Government urged to commit more resources to mental health in Ghana

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The government has been urged to commit more resources towards mental health care and activities in the country.

It has also been challenged to cover the cost of mental health services under the National Health Insurance Scheme (NHIS).

This is the central call of the Mental Health Authority (MHA), World Health Organization (WHO) and Ghana Somubi Dwumadie (Ghana Participation Programme), as the world marks World Mental Health Day.

The theme for the 2021 World Mental Health Day is ‘Mental Health in an Unequal World.’

“We are calling for investment in Mental Health to support improved access to psychotropic medicines, non-drug therapies, and strengthened governance and accountability measures, such as the establishment of the Mental Health Review Tribunal,” they said.

The three partners in a statement said lack of adequate financing of mental health activities and programmes is negatively affecting the delivery of quality mental health services in the country.

They said the COVID-19 pandemic has made the situation worse, hence the need for urgent action by the government.

“The lack of sufficient financing is acknowledged to be a critical gap in mental health service provision in Ghana. Stakeholders are keen to identify opportunities to increase the flow of funds in a sustainable way, to support mental health. Gaps in mental health service provision have been made worse by the negative impact of COVID-19 on people’s mental health,” they said in a the statement.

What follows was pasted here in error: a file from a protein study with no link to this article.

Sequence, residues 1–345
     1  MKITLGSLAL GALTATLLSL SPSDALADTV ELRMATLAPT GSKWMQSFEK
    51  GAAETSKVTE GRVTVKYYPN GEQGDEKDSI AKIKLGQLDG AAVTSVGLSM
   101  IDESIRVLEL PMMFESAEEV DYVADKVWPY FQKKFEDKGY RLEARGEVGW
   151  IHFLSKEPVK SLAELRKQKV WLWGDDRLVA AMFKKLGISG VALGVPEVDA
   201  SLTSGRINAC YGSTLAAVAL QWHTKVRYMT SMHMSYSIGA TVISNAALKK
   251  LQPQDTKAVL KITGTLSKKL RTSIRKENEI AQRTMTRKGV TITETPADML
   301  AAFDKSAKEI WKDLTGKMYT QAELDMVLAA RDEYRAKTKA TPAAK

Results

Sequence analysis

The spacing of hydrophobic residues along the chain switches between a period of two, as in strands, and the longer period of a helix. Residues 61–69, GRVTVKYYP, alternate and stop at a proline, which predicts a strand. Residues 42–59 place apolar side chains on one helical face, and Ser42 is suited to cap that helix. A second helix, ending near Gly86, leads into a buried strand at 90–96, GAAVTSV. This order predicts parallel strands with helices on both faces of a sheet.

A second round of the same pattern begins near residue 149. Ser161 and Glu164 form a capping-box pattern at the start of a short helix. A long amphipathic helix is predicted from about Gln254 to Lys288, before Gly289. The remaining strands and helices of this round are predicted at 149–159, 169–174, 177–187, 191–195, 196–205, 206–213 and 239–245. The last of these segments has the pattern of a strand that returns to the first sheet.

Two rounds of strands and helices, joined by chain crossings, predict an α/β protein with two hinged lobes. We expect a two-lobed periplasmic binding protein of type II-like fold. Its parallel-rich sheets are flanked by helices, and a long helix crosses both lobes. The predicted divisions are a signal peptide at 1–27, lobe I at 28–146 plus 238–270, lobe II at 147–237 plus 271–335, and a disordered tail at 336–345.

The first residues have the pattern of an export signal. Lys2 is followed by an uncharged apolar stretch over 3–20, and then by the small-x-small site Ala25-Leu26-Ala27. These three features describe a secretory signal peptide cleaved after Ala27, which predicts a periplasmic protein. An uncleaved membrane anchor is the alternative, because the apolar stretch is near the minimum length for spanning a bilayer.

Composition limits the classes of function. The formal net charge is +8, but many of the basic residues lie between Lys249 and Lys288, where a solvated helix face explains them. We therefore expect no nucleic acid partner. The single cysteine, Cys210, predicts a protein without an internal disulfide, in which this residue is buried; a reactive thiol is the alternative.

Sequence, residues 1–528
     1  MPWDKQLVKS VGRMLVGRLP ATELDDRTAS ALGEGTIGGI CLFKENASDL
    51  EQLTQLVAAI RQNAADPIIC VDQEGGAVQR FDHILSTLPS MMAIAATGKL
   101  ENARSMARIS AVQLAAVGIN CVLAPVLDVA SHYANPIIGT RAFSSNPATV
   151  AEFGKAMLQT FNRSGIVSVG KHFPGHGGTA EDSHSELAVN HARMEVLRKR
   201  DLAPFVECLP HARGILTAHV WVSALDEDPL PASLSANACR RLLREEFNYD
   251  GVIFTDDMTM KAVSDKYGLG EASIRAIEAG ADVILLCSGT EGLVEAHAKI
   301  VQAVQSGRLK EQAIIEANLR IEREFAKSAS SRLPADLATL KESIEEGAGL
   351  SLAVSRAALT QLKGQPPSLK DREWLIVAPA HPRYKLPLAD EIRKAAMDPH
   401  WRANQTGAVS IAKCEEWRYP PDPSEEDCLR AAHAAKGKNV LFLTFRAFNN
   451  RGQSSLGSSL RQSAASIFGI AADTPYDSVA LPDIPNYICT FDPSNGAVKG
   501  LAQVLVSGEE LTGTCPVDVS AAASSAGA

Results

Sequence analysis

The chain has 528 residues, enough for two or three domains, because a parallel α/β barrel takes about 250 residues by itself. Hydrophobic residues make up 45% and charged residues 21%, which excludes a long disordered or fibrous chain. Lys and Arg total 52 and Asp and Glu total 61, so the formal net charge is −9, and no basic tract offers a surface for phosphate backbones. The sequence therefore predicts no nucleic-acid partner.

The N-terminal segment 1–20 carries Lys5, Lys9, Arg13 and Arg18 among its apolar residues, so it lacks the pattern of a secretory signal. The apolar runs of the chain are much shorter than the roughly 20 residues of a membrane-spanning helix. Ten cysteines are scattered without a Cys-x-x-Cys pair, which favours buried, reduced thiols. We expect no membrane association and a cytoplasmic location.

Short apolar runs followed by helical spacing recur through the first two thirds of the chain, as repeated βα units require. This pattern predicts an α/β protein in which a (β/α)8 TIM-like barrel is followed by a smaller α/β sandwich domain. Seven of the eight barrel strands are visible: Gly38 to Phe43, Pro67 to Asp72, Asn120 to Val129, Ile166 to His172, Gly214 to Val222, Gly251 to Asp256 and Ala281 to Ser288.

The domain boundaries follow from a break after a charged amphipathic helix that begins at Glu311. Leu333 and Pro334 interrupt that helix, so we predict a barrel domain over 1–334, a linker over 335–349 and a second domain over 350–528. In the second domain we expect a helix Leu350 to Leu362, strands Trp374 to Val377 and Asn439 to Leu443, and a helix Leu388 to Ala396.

Data from the World Health Organization estimates that about 650,000 Ghanaians have some form of mental challenge.

The three partners say they have started some work to address the challenges of mental health in Ghana.

“A high-level technical working group, led by the Mental Health Authority facilitated by Ghana Somubi Dwumadie and including WHO, has overseen and guided work to develop an investment case for mental health.”

“Members of the group are drawn from key mental health constituencies, such as government and non-government stakeholders, development partners and academics, as well as key areas of expertise. This broad and high-level membership revealed 3 key outcomes:

    • Investing in mental health supports Ghana’s economic growth
    • Investing in mental health strengthens poverty reduction efforts
    • Investing in mental health improves population health and reduces the burden on the health system

“We are also calling for the inclusion of mental health into the National Health Insurance Scheme benefits package, and the use of the United Nations-One Health Tool to accurately cost key mental health interventions and address resource adequacy for mental health service and system scale-up,” the partners stated, adding that the local government ministry must enforce the existing policy to compel MMDAs to make budgetary allocations for mental health.

Source: citinewsroom